In one of my old answers, I challenged the accuracy of Luke with references. However once could say that Luke is right and the calculations and other references are either wrong OR there was a divine intervention. When answering questions which can be answered with extra-biblical empirical information, how do we handle the "fundamentalist" rebukes? I am not picking on fundamentalist specifically, but they were an easy practical example - sorry if I offended.

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  • OR you can take a different approach altogether, as Narnian's answer did. – MR. TOODLE-OO'D Feb 9 '15 at 17:02
  • @Mr.Bultitude while I respect Narnian for his intelligence and knowledge on this and other subjects, I find his answer lacking in that it is basically a link only answer with some highlighted information. I do not believe that you can derive an answer from reading the text that he placed - without following links, etc. Other obviously disagree with me on this as he has +15. – The Freemason Feb 9 '15 at 17:44
  • Actually, I hadn't followed the links when I upvoted his answer in December. I only did just now when you mentioned them. He summarized the information contained in them in his own words (several paragraphs worth). And it comes down to this: "there is ample evidence to resolve this apparent discrepency when we pull back from the assumption that there was only one census that must be connected between Josephus and Luke." I think he spells out the answer just fine. – MR. TOODLE-OO'D Feb 9 '15 at 17:48

Don't answer questions asking how a contradiction can be reconciled by saying it can't be reconciled. There are some Christians who believe that every contradiction can be reconciled. If you're not one of them, then don't answer the questions directed to them. That's not a valid answer for those types of questions.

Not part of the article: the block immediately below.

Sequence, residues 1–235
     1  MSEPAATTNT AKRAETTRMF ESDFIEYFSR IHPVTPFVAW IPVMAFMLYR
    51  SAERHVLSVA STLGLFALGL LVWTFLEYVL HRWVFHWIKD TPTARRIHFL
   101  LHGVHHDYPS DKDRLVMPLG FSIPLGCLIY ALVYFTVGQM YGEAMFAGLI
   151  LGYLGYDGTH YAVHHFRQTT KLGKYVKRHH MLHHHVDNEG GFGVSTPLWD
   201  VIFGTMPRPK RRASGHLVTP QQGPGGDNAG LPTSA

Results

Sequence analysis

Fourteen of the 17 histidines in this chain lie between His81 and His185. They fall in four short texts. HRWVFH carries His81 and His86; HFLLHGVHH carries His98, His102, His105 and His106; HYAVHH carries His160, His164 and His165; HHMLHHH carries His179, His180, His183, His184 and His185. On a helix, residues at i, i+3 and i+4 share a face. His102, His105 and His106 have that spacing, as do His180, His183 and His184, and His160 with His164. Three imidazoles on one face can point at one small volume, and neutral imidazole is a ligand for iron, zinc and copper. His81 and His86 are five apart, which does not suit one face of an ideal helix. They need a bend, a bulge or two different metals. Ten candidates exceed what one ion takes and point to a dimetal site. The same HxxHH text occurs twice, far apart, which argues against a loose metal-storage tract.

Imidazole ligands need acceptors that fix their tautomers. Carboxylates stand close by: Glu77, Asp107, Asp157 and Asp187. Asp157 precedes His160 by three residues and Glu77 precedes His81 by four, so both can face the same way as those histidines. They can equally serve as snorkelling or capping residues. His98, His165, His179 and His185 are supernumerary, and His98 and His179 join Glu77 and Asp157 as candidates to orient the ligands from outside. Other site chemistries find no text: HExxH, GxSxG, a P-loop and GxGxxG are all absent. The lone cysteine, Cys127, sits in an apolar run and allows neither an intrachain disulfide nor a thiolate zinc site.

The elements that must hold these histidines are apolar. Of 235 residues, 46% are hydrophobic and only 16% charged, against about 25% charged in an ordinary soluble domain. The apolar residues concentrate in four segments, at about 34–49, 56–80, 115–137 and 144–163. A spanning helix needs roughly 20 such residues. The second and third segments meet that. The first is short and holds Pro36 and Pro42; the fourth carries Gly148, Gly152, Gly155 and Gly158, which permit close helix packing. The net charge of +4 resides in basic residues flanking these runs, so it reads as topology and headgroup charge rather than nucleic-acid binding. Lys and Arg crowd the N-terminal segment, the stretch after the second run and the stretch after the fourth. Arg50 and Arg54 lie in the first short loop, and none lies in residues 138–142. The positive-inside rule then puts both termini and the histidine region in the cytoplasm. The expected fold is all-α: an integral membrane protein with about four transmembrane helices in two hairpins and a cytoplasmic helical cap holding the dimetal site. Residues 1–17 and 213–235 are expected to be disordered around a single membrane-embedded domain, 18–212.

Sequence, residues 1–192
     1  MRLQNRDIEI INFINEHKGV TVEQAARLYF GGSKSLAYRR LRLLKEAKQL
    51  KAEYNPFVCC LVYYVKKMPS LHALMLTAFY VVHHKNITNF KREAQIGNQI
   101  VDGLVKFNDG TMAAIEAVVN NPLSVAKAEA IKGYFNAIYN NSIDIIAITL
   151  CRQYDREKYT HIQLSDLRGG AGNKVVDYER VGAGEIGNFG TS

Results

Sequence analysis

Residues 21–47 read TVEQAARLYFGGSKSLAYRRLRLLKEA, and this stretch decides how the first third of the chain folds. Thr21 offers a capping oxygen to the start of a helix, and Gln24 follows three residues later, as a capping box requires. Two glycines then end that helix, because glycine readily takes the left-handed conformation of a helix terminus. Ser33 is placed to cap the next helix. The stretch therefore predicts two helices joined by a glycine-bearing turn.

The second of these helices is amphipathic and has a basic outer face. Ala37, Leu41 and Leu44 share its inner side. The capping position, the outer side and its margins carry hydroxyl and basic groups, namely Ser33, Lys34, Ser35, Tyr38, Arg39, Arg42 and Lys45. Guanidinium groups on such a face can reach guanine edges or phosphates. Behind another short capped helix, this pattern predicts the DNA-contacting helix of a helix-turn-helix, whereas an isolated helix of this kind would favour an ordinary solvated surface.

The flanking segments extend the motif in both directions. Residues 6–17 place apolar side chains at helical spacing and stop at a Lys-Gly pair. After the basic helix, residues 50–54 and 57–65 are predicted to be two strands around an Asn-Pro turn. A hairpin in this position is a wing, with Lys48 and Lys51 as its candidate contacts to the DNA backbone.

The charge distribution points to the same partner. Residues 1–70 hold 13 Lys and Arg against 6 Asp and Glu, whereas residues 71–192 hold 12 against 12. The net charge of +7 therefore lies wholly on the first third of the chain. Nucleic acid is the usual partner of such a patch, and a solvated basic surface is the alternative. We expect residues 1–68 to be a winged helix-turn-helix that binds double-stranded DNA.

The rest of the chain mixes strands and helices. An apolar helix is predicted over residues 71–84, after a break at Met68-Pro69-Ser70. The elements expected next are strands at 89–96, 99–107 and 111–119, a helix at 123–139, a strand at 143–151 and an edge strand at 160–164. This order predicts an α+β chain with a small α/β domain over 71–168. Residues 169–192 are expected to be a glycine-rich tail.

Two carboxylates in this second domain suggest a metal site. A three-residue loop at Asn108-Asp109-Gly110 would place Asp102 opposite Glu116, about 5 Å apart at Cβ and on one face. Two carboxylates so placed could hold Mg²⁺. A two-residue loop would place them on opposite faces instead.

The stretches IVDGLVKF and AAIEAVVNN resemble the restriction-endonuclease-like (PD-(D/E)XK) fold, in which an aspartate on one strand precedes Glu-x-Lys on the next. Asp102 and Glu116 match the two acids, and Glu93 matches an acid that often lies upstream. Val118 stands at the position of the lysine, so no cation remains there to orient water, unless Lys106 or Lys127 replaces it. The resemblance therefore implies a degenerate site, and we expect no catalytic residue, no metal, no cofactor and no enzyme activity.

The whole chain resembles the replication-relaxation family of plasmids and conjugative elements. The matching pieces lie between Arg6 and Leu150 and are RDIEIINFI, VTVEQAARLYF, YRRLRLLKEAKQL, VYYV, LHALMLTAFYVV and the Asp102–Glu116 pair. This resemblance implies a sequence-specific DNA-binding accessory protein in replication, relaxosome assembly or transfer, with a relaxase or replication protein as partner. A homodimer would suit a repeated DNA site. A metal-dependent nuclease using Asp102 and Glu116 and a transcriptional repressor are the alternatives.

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  • If there is no reconsiliation, then that is a valid answer if it is backed with facts explaining why. – The Freemason Feb 5 '15 at 5:48
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    @TheFreemason I don't thing so. That's like answering biblical basis questions with the basis for the opposite belief. There are some Christians who believe that every contradiction can be reconciled. If you're not one of them, then don't answer the questions directed to them. – curiousdannii Feb 5 '15 at 5:51
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    @TheFreemason: If there is no answer to the question, the proper answer is not to answer, and let the absence of the answer speak for itself. The absence of an answer now does not mean there will always be an answer. Humanity makes new discoveries all the time, and it's a very common occurrence that questions on SE become answerable months or years after they are initially asked. Even in areas of Biblical research this is possible. – Flimzy Feb 7 '15 at 23:50
  • Antinomy anyone? Actually, there are plenty of irreconcilable contradictions that Christians admit to, but I know what you're talking about. – fгedsbend Feb 9 '15 at 3:48
  • I'm slightly put off by this stance as someone could answer a question without information needed to correctly answer. For example, without my research on the various eclipses, etc as found in my answer, someone could answer the question blindly. I'm not exactly sure how to make my argument against this being an acceptable method. Maybe we need more meta questions for a specific question to reveal more of the problem? (I'm suggesting that my answer should be in meta) – The Freemason Feb 9 '15 at 16:12
  • @Flimzy did you mean "does not mean that there will always be no answer"? – Walter Mitty Feb 10 '15 at 16:54
  • @WalterMitty: Yes, I did. – Flimzy Feb 10 '15 at 18:51

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